JF Ptak Science Books Post 1694
PM (short for "Picture Magazine, evidently) newspaper1--begun 18 June 1940 and ended 1948--was a very strong, left-wing newspaper in NYC, a short-lived daily with a long pedigree of contributors2. The "Memorandum" reproduced here, sent by the Managing Editor John P. Lewis "to the writing staff", was a powerful and interesting directive on how to present the news, and addressed the speech of President Roosevelt of the night before.
Lewis felt that here, at the beginning of the American end of the fighting war, was the appropriate place to set out a war strategy for reporting and publishing regarding information received from overseas, or unverified sources, or from dispatches from the countries against which we were fighting. He was clear and very concise--the whole of the memorandum fitting on one side of a single sheet of paper.
[This piece of ephemera may be purchased through our blog bookstore, here.]
The Roosevelt speech of 9 December 1941 can be found here. Some interesting extras as follows:
"Your Government knows that for weeks Germany has been telling Japan that if Japan did not attack the United States, Japan would not share in dividing the spoils with Germany when peace came. She was promised by Germany that if she came in she would receive the complete and perpetual control of the whole of the Pacific area...This alone if true could be a justification for war with Germany."
"Our policy rested on the fundamental truth that the defense of any country resisting Hitler or Japan was in the long run the defense of our own country."
But the main thrust that Lewis was addressing was this:
"I cite as another example a statement made on Sunday night that a Japanese carrier had been located and sunk off the Canal Zone. And when you hear statements that are attributed to what they call "an authoritative source," you can be reasonably sure from now on that under these war circumstances the "authoritative source" is not any person in authority."
"Many rumors and reports which we now hear originate, of course, with enemy sources. For instance, today the Japanese are claiming that as a result of their one action against Hawaii they hare gained naval supremacy in the Pacific. This is an old trick of propaganda which has been used innumerable times by the Nazis. The purposes of such fantastic claims are, of course, to spread fear and confusion among us, and to goad us into revealing military information which our enemies are desperately anxious to obtain."
Lewis was quick to the point: "President Roosevelt's address Tuesday night gave the American people a quick lesson in phony reporting. After that address all any newspaper has to do to convict itself of falsifying is to say that it learned something from authoritative sources."
He continued: "The president laid down a very clear line on what people can believe and what they can disbelieve..." and then outlined four major points for his writers to follow:
"1. We will not pass on as news any communique about the conduct of the war from any hostile government without warning the reader that these are claims of an enemy government which wants to confuse us...
"2. We will never report anything from "Authoritative" sources or anonymous synonyms.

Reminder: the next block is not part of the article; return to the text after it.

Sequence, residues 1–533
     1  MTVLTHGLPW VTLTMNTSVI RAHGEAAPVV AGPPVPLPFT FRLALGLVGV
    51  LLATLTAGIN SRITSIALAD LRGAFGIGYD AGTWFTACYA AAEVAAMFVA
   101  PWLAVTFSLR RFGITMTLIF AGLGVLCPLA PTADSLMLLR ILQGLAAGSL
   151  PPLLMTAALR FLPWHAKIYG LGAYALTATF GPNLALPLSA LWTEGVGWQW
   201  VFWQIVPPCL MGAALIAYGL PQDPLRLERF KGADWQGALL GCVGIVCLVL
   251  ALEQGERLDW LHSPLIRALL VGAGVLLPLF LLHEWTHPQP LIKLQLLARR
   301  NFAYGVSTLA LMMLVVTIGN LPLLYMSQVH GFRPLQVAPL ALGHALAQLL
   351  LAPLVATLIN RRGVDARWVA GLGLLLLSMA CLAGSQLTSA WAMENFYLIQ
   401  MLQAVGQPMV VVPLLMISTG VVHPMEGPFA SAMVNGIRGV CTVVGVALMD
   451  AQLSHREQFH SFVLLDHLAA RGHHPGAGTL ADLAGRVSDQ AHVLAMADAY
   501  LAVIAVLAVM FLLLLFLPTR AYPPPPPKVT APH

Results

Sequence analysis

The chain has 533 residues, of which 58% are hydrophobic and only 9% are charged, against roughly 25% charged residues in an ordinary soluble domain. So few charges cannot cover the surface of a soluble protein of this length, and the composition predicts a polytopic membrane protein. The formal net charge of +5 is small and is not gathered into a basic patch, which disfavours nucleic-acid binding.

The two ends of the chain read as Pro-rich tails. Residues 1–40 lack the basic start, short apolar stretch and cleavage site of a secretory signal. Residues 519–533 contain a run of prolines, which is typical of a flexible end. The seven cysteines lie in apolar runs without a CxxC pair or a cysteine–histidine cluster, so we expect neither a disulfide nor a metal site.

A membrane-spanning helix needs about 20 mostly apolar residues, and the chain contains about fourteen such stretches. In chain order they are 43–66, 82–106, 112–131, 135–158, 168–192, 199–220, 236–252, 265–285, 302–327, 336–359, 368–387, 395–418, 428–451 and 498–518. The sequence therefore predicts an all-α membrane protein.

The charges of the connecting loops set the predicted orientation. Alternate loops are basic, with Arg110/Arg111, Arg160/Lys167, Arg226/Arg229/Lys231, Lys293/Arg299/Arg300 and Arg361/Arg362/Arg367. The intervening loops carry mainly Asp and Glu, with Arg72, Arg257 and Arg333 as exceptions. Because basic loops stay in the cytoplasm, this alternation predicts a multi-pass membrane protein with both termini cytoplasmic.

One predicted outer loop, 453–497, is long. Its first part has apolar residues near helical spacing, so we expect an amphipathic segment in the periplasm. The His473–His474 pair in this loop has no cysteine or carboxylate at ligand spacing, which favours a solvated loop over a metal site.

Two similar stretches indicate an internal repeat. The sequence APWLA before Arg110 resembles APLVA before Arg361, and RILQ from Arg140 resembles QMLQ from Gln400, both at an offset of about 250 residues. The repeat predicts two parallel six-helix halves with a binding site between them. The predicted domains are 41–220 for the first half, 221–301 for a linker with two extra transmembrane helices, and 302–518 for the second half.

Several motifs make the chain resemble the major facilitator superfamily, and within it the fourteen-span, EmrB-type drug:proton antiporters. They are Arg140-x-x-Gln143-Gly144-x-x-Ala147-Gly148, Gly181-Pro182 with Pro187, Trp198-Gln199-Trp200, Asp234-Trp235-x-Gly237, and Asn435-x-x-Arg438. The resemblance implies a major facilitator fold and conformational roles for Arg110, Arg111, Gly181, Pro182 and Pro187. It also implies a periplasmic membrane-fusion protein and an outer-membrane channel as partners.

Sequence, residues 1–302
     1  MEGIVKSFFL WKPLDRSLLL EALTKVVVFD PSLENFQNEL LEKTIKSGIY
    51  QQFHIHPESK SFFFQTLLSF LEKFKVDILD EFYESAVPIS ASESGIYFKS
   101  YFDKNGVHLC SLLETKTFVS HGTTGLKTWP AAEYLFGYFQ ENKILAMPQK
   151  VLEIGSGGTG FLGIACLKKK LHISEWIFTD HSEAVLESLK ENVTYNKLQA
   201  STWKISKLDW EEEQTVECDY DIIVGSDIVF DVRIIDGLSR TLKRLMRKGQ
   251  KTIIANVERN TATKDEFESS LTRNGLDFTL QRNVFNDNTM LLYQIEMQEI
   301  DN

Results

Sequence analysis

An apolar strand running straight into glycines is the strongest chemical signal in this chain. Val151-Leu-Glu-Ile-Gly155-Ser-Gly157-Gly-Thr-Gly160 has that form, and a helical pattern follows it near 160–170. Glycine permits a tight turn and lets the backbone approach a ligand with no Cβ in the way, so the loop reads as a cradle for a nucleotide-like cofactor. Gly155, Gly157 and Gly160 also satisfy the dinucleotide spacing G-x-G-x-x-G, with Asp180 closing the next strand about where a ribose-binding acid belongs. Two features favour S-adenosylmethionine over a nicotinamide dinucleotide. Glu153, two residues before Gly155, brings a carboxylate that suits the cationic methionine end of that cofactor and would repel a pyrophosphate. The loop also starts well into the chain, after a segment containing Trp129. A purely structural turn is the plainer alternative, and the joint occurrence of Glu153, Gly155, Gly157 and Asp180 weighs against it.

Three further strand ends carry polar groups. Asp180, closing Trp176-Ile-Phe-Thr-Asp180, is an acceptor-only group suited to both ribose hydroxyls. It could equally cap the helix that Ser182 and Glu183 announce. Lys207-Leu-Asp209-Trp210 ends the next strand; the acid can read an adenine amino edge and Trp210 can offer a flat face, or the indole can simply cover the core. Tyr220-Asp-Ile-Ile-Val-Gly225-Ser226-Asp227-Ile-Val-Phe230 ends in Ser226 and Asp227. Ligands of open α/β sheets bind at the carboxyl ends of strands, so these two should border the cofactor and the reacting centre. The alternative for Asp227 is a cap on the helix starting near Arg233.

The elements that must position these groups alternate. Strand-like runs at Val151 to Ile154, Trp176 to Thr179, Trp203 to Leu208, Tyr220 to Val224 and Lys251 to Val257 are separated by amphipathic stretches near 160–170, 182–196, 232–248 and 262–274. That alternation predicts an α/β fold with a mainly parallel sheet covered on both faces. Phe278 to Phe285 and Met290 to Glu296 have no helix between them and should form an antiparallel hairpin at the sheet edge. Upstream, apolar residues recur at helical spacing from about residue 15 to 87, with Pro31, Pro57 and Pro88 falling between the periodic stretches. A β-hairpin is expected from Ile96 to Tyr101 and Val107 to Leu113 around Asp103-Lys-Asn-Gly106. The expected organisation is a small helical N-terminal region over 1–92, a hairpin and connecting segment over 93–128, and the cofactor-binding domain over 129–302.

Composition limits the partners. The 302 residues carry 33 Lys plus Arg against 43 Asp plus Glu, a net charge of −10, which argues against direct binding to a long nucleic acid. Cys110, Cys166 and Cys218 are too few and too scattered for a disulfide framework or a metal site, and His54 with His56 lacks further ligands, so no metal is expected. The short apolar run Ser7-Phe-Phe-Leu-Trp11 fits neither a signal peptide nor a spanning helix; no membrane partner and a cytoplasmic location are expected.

"3. On the actual conduct of the war, the only material which we will pass on as absolute fact is material from the American communiques."
"4. In covering war stories as well as other news, we will carefully segregate fact reporting from opinion reporting and editorial conclusions."
Lewis was also particularly demanding in his policy regarding personal opinion in news stories: "Where we want to express an editorial opinion, we will label it "Editorial."
And Lewis meant it, too. Unlike almost all newspapers, PM editorials were signed. The newspaper also took no advertising, hoping to keep the paper running on sales and subscriptions. And so it did, for eight years--not long by long-running standards of newspapers, but fairly long for the times, and for the type of business plan practiced.
In any event I enjoyed the crispness and clarity of Lewis' directive.
1. The publisher was Ralph Ingersoll (1980-1985), who before coming to PM was the managing editor of Time-Life, and who was also the business plan designer and then managing editor of Fortune magazine; and the silent partner in the whole thing was MArshal Fields III, who pretty much bankrolled the newspaper from a distance.
2. It was a very considerable staf. From Wiki: "Journalist I. F. Stone was the paper's Washington correspondent. His award-winning series on European Jewish refugees attempting to run the British blockade to reach the Jewish homeland in Mandatory Palestine became the book, Underground to Palestine. Staffers included theater critic Louis Kronenberger and film critic Cecelia Ager. Weegee, Margaret Bourke-White and Arthur Leipzig were the photographers. The sports writers were Tom Meany, Tom O’Reilly and George F. T. Ryall (who covered horse racing). Elizabeth Hawes wrote about fashions, and her sister Charlotte Adams covered food. Other distinguished writers who contributed articles included Erskine Caldwell, [Myril Axlerod], McGeorge Bundy, Saul K. Padover, James Wechsler (eventually the paper's editorialist); Penn Kimball, later dean of the Columbia University School of Journalism; Heywood Hale Broun; James Thurber; Dorothy Parker; Ernest Hemingway; Eugene Lyons; Ben Stolberg; Malcolm Cowley; future Speaker of the House Tip O'Neill and Ben Hecht.